After 22 years, an end is in sight for a dispute over a sea that questioned whether it was even a sea.
Barring last-minute hiccups, the new convention will be signed in the Kazakh port city of Aktau on Sunday.
Negotiations up to this point have been tough. The convention comes only at the end of two decades, 51 working groups, more than a dozen meetings between foreign ministers, and four presidential summits.
But then again, a lot is at stake – namely billions of dollars of oil and gas contracts. The Caspian, the largest enclosed body of water in the world, contains a massive 48 billion barrels of oil and 9 trillion cubic metres of natural gas in proven offshore reserves.
And that is what we know about: there may be much more, but territorial disputes have frustrated attempts at proper exploration.
The Caspian problem arose after the breakup of the USSR. Before then, the water was split between two nation states: Iran and the Soviet Union. Afterwards, there were four new nations to deal with: Russia, Kazakhstan, Azerbaijan and Turkmenistan.
One of the major stumbling blocks has been the status of the sea itself. Is it really a sea or a lake?
This is no simple debate over words, but of development rights and cash. If it is designated a lake, the rights are divided up equally, with each nation receiving 20 per cent. If, however, it is deemed to be a sea, it is split between the competing nations in proportion to each one’s share of its coastline. Iran, the major loser in the sea approach, had been resisting the definition.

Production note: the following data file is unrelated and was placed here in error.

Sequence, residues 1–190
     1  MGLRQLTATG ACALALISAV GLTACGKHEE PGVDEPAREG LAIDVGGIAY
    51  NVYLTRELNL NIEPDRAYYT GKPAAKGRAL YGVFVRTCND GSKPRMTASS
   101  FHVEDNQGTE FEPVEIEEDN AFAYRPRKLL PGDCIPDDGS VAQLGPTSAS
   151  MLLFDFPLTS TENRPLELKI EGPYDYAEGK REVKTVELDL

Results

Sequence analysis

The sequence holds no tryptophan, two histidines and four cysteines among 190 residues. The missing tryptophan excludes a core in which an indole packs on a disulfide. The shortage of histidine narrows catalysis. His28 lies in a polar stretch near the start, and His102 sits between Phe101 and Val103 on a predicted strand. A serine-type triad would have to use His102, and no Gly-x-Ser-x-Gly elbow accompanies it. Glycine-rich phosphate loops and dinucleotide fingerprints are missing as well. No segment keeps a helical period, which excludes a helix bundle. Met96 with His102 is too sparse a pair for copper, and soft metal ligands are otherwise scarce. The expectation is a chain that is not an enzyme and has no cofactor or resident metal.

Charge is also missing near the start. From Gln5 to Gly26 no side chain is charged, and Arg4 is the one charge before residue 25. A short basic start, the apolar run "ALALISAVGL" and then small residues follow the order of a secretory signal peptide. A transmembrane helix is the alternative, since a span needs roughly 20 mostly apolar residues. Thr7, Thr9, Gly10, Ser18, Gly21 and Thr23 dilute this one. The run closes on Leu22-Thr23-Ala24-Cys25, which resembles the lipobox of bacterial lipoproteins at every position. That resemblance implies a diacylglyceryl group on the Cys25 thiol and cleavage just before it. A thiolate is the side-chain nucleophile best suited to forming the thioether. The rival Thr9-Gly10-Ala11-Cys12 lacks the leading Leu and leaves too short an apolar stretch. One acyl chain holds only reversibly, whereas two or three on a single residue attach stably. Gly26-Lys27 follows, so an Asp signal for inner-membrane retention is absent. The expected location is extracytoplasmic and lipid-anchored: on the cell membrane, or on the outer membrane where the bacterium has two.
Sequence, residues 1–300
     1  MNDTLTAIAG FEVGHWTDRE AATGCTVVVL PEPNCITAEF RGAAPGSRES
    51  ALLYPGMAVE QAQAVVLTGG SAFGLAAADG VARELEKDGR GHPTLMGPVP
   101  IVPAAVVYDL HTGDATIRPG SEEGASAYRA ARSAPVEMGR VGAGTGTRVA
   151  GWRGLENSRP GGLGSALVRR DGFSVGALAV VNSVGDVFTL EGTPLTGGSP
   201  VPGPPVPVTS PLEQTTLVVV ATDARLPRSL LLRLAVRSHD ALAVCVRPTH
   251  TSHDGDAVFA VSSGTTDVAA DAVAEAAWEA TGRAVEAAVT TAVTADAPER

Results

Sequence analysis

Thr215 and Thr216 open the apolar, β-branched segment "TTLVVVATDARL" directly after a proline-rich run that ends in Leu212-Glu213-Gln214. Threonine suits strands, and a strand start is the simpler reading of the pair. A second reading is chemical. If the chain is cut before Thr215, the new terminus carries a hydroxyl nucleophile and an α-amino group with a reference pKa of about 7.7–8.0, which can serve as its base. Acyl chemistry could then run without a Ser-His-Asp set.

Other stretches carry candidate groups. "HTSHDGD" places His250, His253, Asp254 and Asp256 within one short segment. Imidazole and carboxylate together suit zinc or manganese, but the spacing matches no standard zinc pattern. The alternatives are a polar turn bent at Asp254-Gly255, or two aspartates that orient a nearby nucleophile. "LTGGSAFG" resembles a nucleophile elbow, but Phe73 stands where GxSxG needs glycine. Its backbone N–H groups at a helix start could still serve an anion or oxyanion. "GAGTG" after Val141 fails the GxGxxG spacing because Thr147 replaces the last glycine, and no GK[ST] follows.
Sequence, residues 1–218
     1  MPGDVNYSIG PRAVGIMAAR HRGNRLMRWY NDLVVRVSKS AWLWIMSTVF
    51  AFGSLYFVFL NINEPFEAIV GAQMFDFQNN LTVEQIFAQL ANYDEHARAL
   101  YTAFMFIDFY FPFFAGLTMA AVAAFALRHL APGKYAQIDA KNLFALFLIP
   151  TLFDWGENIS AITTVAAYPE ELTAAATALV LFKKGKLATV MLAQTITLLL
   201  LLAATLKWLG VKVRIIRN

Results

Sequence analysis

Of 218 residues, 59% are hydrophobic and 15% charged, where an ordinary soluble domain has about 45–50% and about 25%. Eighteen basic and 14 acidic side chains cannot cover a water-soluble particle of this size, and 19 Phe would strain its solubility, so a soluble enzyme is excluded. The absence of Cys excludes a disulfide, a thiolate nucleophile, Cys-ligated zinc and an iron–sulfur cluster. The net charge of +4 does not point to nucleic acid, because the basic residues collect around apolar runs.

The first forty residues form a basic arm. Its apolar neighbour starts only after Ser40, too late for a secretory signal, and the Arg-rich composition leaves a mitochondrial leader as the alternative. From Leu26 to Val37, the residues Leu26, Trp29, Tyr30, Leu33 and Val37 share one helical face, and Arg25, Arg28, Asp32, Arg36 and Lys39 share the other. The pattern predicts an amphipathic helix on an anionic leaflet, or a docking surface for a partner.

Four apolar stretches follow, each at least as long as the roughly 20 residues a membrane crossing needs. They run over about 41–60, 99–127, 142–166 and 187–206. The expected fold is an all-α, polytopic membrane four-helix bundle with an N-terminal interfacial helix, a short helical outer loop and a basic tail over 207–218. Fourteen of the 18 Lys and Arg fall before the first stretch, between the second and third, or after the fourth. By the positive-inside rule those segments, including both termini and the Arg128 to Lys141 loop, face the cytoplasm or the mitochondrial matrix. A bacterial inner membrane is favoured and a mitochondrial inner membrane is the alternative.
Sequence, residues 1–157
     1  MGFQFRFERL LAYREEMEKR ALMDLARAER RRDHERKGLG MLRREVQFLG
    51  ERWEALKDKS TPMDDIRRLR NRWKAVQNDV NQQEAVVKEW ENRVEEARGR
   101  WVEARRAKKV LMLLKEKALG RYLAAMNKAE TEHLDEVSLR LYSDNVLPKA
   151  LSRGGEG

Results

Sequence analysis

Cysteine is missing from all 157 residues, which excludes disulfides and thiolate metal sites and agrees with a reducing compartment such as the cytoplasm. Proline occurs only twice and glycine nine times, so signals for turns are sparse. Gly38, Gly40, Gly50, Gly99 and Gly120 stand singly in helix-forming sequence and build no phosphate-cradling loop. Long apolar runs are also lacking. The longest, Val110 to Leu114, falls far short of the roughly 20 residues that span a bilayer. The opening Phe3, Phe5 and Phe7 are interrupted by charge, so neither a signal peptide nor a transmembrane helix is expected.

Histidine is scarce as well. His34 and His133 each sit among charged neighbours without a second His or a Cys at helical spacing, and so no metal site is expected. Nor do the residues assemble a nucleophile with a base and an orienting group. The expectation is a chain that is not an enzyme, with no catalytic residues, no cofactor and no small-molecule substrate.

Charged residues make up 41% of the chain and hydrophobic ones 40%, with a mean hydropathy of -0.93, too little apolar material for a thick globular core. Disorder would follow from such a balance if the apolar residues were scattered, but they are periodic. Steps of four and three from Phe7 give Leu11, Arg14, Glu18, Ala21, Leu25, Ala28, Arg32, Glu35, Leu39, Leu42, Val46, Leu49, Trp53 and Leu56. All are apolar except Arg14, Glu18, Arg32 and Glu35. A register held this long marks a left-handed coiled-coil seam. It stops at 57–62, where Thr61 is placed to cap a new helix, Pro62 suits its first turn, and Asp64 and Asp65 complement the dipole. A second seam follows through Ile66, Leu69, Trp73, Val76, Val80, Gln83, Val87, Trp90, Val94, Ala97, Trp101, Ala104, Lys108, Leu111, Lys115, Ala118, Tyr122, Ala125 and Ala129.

An early draft of the document published for a short time on the website of Russian prime minister Dmitry Medvedev suggested that the countries would agree to classify it as a sea. According to that document, the sea bed will be divided into sectors, and the waters between nations, fishing and common spaces. But a surprise may be in store.
Speaking with the Kommersant newspaper on Friday, deputy foreign minister Grigory Karasin said there would be “new” jurisdiction for the Caspian.
“The Caspian Sea will have its own legal status,” he said. “The five littoral states will have the full jurisdiction over resources in their sectors of the seabed.”
In the absence of an agreement, the countries have continued to develop the seabed they believed belonged to them. To some extents, the treaty will formalise what is already happening.
But, crucially, it will also reaffirm Russia’s geopolitical dominance in the region. It is understood the convention will contain clauses asserting that only the Caspian five will have the rights to use the sea region for military purposes. Airspace would be divided between the signatory states, and Russia’s Caspian Flotilla will be guaranteed access to the entire sea.
Moscow was reported to have been concerned about the possibility of Nato building future ties in the region. Quite how Nato might have gained a stronghold in the enclosed pro-Russian region, however, was never entirely clear – sea or no sea.
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